Facebook announces changes intended to thwart the monetization of ‘fake news’

Facebook execs plan to implement new standards for users who post content that generates ad revenue. They are excluding “misinformation and false news” sites, according to Nick Grudin, Facebook’s vice president of media partnerships.

“As we continue to expand our monetization offerings, it’s important that we provide clear guidelines around what can and cannot be monetized on our platform,” Grudin wrote in a blog post on Wednesday. “Those who share content that repeatedly violates our Content Guidelines for Monetization, share clickbait or sensationalism, or post misinformation and false news may be ineligible or may lose their eligibility to monetize.”

The move may be the result of heightened scrutiny over the content spread by some outlets on social media, following the 2016 presidential election.

Facebook was specifically targeted, accused of not doing more to prevent the spread of “fake news.”

Fake news is typically defined as content which is intentionally inaccurate and meant to capitalize on certain political or social biases. It is regularly spread by some sites.

The designation is sometimes improperly ascribed to any news that is deemed “wrong” by a person with a differing viewpoint.

Carolyn Everson, vice president of global marketing solutions, announced in a separate post that Facebook would provide advertisers with more insight into the content to which their ads were attached.

“Some marketers told me they are feeling uneasy,” Everson wrote. “Chief among their concerns are the issues of viewability, online ad metrics and brand safety. We hear them loud and clear.”

She referenced Grudin’s post, writing that Facebook is introducing the new eligibility standards to provide “clearer guidance around the types of publishers and creators eligible to earn money on Facebook,” and what content can be monetized.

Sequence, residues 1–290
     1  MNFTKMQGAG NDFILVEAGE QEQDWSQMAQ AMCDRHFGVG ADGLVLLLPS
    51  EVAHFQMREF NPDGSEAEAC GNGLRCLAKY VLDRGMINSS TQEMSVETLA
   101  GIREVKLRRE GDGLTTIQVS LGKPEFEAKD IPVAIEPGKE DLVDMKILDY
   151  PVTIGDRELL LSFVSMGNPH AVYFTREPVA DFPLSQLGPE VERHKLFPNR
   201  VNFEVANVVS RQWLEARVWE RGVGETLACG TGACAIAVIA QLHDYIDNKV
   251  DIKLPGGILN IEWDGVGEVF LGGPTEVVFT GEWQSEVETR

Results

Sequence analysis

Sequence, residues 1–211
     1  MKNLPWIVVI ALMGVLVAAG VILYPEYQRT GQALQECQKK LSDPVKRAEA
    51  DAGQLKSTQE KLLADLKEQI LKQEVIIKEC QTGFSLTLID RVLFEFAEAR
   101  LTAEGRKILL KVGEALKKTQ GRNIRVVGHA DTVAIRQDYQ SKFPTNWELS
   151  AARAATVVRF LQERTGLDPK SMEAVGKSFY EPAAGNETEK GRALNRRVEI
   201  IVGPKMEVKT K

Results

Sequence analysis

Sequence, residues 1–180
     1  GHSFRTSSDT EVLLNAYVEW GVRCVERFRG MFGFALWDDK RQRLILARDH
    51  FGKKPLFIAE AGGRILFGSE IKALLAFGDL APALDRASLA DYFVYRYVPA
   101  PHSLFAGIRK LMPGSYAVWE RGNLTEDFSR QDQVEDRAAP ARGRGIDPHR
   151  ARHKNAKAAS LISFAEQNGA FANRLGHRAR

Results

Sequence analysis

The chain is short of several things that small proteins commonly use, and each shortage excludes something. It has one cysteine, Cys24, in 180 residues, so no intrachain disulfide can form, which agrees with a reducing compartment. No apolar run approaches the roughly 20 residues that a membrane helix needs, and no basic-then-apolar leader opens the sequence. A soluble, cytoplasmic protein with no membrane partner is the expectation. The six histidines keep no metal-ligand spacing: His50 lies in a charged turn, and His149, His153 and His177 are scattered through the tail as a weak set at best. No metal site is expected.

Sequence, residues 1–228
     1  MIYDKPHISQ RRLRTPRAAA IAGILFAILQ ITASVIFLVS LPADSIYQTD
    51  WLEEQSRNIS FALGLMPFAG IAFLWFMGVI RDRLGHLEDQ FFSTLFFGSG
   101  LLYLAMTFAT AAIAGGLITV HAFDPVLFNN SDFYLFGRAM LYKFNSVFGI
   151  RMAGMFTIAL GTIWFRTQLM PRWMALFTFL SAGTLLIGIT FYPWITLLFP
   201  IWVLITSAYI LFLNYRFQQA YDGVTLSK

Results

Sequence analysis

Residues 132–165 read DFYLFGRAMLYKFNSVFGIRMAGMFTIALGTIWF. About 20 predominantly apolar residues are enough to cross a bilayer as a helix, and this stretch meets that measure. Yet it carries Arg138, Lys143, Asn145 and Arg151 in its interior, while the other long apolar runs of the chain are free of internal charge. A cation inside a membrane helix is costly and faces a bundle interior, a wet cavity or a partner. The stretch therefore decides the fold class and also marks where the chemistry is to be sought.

“These standards will apply to ad placements where context could matter, including in-stream ads and Instant Articles, ” Everson continued.

She said that brands want to know where their ads are delivered, therefore Facebook will begin “providing advertisers with post-campaign reporting,” which will identify on which publishers their ads run across the different platforms.

“At Facebook, we take very seriously our responsibility to earn and maintain the trust of our advertiser partners—and give them the confidence they need to invest in us. That’s critical to their success and ours,” she wrote.

Dennis Michael Lynch, CEO of DML News believes there are lots of questions to be answered.   “Who makes the determination?”  DML continued, “Facebook selected partners to determine what is fake news versus what is not.  The partners they chose have been accused of spreading inaccurate information themselves numerous times.  ABC News and Washington Post are two of the biggest culprits.  And the other issue is the troll.  I can see radical organizations spouting up offering paid trolls to mark posts as fake news.  Then there’s the question of sensationalism. Is calling out Hillary Clinton for Benghazi sensationalism? Is calling Trump a racist sensationalism? I hope Facebook addresses these concerns.”

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